In 2002 the Agreement on the Conservation of Cetaceans of the Black Sea, Mediterranean Sea and Contiguous Atlantic Area ACCOBAMS came into force, and Notarbartolo di Sciara served as the chair of the Agreement's Scientific Committee from the beginning until 2010. Notarbartolo di Sciara has served as Deputy Chair of the Cetacean Specialist Group of the International Union for the Conservation of Nature (IUCN) since 1991, and as member of the Shark Specialist Group since 1993. Notarbartolo di Sciara has been engaged in monk seal conservation science since 1986, first conducting a feasibility study for a monk seal captive-breeding a rehabilitation facility in Italy on behalf of the Ministry of Agriculture and Forestry. In 2009 he was contracted by the Hellenic Society for the Study and Protection of the Mediterranean Monk Seal (MOm)  to draft the national conservation strategy for monk seals in Greece, and has drafted two successive editions (in 2014 and 2019) of the Regional Strategy for the Conservation of Monk Seals in the Mediterranean, both adopted by the Parties to the Barcelona Convention.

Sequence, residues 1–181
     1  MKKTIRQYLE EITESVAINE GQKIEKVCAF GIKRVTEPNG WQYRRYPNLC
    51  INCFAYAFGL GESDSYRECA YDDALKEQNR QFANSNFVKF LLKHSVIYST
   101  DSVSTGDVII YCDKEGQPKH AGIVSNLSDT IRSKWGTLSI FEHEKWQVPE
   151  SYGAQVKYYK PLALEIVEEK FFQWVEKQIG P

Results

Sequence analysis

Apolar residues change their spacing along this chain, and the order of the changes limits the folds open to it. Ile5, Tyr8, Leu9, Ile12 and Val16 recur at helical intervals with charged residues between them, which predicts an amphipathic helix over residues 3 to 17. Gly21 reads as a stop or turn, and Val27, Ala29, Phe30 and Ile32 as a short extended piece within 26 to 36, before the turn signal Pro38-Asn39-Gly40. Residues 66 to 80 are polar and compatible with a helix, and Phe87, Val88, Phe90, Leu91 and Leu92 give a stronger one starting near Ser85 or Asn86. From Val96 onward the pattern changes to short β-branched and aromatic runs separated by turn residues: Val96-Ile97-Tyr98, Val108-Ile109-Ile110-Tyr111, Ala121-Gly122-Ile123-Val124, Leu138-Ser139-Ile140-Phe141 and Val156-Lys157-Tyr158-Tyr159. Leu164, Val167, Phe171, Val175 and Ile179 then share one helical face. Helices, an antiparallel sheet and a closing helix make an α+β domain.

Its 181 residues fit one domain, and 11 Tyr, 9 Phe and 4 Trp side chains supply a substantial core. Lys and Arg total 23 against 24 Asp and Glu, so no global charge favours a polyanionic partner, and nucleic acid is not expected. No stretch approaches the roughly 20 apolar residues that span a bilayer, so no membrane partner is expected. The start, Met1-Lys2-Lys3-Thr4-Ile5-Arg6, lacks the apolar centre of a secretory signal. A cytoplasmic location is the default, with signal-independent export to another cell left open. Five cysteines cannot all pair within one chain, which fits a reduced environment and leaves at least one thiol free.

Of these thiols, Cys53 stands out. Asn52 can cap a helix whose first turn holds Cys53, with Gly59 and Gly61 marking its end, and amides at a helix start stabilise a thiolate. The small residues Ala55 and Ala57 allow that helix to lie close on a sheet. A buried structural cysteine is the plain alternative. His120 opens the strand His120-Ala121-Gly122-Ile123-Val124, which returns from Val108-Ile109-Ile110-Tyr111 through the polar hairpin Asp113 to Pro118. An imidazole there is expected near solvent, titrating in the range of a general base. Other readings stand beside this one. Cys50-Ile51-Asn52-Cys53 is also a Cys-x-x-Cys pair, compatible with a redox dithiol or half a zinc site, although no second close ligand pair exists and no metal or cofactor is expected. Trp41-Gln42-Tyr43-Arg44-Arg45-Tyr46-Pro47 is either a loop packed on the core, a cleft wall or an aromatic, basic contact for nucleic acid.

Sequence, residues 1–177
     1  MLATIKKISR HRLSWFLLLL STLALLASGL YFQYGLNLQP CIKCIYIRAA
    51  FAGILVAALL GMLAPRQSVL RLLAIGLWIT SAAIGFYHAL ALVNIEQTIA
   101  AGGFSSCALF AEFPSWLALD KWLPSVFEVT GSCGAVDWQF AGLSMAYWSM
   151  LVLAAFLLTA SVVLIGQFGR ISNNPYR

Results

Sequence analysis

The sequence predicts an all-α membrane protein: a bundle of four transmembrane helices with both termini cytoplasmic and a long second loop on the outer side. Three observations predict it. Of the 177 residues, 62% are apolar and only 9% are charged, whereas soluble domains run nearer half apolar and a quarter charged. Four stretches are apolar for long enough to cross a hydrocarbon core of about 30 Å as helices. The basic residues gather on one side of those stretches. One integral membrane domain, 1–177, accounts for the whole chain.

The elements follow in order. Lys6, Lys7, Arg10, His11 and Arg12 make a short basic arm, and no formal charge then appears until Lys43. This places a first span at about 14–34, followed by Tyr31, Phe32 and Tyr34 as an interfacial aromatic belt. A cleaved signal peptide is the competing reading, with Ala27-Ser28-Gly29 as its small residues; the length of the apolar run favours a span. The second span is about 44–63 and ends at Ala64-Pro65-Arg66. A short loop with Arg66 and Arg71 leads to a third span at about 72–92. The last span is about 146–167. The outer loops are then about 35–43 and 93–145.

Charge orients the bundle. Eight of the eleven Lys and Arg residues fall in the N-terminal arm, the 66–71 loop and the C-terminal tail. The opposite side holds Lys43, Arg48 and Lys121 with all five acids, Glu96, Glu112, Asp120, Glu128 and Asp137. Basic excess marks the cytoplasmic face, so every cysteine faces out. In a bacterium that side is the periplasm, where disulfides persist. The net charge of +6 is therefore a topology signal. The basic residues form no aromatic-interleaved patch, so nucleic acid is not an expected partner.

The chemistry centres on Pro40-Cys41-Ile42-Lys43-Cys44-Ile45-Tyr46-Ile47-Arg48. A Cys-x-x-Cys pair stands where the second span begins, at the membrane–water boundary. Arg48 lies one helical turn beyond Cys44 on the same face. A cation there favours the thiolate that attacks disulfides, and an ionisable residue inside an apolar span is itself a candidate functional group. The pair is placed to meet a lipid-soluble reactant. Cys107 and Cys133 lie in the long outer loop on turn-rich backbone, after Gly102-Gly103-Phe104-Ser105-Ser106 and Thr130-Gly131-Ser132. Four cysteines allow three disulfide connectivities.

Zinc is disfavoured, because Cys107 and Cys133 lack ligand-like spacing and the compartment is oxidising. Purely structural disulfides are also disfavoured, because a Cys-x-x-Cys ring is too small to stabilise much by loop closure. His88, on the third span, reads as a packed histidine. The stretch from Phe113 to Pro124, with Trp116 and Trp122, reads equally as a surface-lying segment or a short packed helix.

Notarbartolo di Sciara serves today in the Scientific Council of the Convention on the Conservation of Migratory Species of Wild Animals as the Councillor for aquatic mammals. He was appointed in such capacity in 2014 by the Conference of the Parties.
From 2007 to 2016 Notarbartolo di Sciara taught a course on the science and policy of conserving marine biodiversity at the Università degli Studi di Milano, Italy. From 1985 to 1990 he held the position of contract professor at the University of Parma, teaching courses in "Natural history of large marine vertebrates", "Behavioural ecology of cetaceans", and "Ethology of large marine vertebrates". He has been guest lecturer at the Scripps Institution of Oceanography and Yale University in the U.S., and at many other academic institutions in Europe and Latin America.